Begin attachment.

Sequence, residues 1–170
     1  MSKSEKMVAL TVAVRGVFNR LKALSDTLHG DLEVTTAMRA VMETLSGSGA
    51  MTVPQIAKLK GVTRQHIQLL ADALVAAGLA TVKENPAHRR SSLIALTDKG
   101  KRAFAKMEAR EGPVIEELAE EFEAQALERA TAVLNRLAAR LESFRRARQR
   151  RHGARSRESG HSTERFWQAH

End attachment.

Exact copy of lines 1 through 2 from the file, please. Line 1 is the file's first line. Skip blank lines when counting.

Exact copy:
Sequence, residues 1–170
     1  MSKSEKMVAL TVAVRGVFNR LKALSDTLHG DLEVTTAMRA VMETLSGSGA